Still from “Me and My Two Friends,” 1898, one of the films shown.
Image: BFI

A film festival in London is showing incredibly high quality, newly restored early films of the Victorians—in IMAX, no less, and more specifically the absolute biggest screen they could find. It’s being billed as “The Great Victorian Moving Picture Show” and frankly, it sounds fantastic.

“Sweeping away the veil of time, this Archive Gala will project Britain’s earliest films at their grandest scale (68mm, almost four times the image size of regular 35mm film) on the nation’s biggest screen, the BFI IMAX,” promised the announcement from the BMI London Film Festival, which has me so hyped I can barely sit still even though this is happening on the other side of the Atlantic and I definitely will not be able to see it. The Guardian went into even more tantalizing detail about these 120-year-old movies, restored from original nitrate prints:

At the Imax screenings, the films will be shown at their maximum size and, crucially, newly restored at 4K from the nitrate originals, which were scanned at 8K. It was only recently that the technology became available to get the most out of these images. “There was an opportunity to upgrade these in particular because they’re so spectacularly beautiful,” explains Dixon.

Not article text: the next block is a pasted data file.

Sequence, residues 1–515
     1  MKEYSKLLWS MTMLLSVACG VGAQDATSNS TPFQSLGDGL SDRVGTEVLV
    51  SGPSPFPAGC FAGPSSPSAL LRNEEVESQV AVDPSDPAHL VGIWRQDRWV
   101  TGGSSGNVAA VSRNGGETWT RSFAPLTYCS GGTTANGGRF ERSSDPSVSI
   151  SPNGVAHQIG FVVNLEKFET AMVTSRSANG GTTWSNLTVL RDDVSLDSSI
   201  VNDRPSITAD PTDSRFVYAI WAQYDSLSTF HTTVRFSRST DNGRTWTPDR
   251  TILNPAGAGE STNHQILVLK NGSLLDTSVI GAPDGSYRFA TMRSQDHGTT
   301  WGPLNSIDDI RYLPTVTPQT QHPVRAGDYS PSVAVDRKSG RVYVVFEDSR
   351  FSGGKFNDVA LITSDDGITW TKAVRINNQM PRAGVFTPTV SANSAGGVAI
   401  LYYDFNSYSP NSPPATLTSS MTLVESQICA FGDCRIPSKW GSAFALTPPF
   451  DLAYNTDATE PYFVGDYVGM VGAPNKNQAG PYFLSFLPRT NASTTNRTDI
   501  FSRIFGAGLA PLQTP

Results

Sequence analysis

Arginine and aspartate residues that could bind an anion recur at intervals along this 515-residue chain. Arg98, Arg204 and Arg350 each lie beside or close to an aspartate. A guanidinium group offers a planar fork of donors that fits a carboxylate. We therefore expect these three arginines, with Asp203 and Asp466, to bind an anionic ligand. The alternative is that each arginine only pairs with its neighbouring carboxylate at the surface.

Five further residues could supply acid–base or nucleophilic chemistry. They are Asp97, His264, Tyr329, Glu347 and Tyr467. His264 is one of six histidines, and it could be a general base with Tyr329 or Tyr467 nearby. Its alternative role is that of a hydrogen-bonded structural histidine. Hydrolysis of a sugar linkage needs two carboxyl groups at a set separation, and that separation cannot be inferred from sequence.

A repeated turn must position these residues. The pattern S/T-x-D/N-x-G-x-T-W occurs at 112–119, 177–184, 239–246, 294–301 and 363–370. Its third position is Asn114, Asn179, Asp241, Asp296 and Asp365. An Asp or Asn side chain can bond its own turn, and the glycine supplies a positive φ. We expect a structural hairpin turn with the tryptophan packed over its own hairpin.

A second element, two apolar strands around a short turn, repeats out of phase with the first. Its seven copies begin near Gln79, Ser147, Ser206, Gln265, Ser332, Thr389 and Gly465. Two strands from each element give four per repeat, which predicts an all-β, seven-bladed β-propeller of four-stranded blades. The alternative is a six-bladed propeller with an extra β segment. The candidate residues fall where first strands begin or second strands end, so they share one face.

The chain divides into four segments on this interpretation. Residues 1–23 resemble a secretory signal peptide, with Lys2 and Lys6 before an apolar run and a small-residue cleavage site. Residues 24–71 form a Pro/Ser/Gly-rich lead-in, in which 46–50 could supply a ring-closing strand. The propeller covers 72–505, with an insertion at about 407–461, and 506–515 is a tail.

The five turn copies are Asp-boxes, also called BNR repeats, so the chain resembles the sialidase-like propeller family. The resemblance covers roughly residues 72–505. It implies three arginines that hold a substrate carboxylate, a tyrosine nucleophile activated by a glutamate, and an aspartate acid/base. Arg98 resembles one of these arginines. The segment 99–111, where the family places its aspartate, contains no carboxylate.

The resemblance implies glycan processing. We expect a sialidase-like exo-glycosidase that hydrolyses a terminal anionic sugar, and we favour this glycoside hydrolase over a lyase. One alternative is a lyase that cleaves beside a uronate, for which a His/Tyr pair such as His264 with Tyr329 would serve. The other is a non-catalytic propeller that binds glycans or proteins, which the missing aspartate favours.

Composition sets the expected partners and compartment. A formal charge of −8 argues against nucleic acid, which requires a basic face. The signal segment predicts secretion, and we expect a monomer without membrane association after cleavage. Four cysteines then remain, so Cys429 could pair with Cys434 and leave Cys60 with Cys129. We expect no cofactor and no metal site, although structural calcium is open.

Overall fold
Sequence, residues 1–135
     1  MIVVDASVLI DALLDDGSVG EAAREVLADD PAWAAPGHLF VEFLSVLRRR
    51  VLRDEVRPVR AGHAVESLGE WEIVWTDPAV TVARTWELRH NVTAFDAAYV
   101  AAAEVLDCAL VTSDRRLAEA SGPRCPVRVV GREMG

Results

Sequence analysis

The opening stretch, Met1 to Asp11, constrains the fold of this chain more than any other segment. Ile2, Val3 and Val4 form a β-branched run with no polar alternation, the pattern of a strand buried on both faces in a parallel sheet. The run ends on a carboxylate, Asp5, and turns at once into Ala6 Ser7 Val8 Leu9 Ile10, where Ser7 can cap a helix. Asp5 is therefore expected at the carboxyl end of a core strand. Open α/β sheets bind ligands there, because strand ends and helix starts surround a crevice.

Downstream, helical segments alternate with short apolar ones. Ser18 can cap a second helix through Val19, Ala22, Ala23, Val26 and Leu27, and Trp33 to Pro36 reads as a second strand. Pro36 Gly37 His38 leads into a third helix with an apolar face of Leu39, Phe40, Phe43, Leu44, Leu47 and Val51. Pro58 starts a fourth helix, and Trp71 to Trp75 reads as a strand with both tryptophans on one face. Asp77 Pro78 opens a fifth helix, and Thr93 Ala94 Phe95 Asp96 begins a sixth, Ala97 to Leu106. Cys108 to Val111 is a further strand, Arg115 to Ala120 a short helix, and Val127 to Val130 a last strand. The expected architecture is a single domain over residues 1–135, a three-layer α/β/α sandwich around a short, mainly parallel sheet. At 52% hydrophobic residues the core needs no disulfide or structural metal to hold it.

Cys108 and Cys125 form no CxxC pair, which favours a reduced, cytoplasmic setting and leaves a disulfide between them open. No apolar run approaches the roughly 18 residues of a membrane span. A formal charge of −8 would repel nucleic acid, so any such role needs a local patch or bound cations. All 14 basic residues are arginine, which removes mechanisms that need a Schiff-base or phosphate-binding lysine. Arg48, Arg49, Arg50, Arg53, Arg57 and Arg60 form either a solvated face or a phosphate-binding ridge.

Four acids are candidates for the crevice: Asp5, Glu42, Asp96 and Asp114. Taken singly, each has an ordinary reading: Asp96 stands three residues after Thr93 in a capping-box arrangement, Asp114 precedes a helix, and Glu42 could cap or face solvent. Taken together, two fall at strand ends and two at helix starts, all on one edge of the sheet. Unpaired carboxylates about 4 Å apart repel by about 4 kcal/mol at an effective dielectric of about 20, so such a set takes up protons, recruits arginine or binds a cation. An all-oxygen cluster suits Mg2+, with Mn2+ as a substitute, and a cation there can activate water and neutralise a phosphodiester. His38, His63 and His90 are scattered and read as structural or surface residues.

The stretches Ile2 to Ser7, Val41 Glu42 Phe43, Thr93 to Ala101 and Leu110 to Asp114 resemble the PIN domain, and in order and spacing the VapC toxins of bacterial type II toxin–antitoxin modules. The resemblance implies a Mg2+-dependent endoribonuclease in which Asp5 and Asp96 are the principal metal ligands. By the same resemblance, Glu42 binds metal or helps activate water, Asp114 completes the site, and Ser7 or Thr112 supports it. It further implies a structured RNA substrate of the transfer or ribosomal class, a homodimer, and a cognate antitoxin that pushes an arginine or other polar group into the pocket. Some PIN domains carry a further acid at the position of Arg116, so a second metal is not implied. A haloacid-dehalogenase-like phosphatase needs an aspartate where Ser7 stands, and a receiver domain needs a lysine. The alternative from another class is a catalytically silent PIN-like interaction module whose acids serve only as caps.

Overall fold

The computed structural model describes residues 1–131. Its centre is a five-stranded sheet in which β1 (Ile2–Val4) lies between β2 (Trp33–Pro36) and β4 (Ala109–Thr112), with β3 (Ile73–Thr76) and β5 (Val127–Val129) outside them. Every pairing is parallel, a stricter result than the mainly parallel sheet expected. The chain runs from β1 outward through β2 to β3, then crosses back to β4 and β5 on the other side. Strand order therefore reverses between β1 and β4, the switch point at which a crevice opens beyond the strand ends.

The films are the work of a man named William Kennedy-Laurie Dickson; “He was the guy who invented the movies for Thomas Edison,” Bryony Dixon, the BFI’s curator of silent film, told the Guardian. He was very well-connected and shot all manner of things; for instance, he was invited over by the Prince of Wales and filmed “all the royals in the garden, rather posed around a tea table with a parrot, a dog and a small child.” The effect of watching something so old and so perfectly restored sounds profoundly eerie:

The benefit of extracting all this detail and watching the films on such a giant screen is that they hardly look Victorian at all. “With nearly all of the people I’ve shown these films to there is an audible gasp when they see something from 120 years ago and they look new. That’s a very strange feeling,” says Dixon. “All of those things that tell you something is old have been stripped away.” These are films made before genres and cinematic conventions were established, before the idea of directors and stars. The images feel raw and immediate.

Happy Halloween!